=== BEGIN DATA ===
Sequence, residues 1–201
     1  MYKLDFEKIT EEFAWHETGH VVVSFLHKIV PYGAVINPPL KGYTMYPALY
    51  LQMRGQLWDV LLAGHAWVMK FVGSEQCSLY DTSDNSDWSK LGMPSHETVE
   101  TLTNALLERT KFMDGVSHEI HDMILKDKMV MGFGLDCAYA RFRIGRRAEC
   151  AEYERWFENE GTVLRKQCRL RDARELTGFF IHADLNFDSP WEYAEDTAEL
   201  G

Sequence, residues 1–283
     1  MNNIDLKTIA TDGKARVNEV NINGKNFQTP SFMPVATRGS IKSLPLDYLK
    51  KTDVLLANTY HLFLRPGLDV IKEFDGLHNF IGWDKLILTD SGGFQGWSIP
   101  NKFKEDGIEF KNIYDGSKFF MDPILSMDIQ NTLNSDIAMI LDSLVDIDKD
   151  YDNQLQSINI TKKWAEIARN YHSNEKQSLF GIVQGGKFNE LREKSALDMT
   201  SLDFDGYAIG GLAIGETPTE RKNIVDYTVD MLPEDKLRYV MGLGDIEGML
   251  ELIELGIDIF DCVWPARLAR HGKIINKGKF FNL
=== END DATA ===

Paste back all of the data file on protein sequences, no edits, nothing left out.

Sequence, residues 1–201
     1  MYKLDFEKIT EEFAWHETGH VVVSFLHKIV PYGAVINPPL KGYTMYPALY
    51  LQMRGQLWDV LLAGHAWVMK FVGSEQCSLY DTSDNSDWSK LGMPSHETVE
   101  TLTNALLERT KFMDGVSHEI HDMILKDKMV MGFGLDCAYA RFRIGRRAEC
   151  AEYERWFENE GTVLRKQCRL RDARELTGFF IHADLNFDSP WEYAEDTAEL
   201  G

Sequence, residues 1–283
     1  MNNIDLKTIA TDGKARVNEV NINGKNFQTP SFMPVATRGS IKSLPLDYLK
    51  KTDVLLANTY HLFLRPGLDV IKEFDGLHNF IGWDKLILTD SGGFQGWSIP
   101  NKFKEDGIEF KNIYDGSKFF MDPILSMDIQ NTLNSDIAMI LDSLVDIDKD
   151  YDNQLQSINI TKKWAEIARN YHSNEKQSLF GIVQGGKFNE LREKSALDMT
   201  SLDFDGYAIG GLAIGETPTE RKNIVDYTVD MLPEDKLRYV MGLGDIEGML
   251  ELIELGIDIF DCVWPARLAR HGKIINKGKF FNL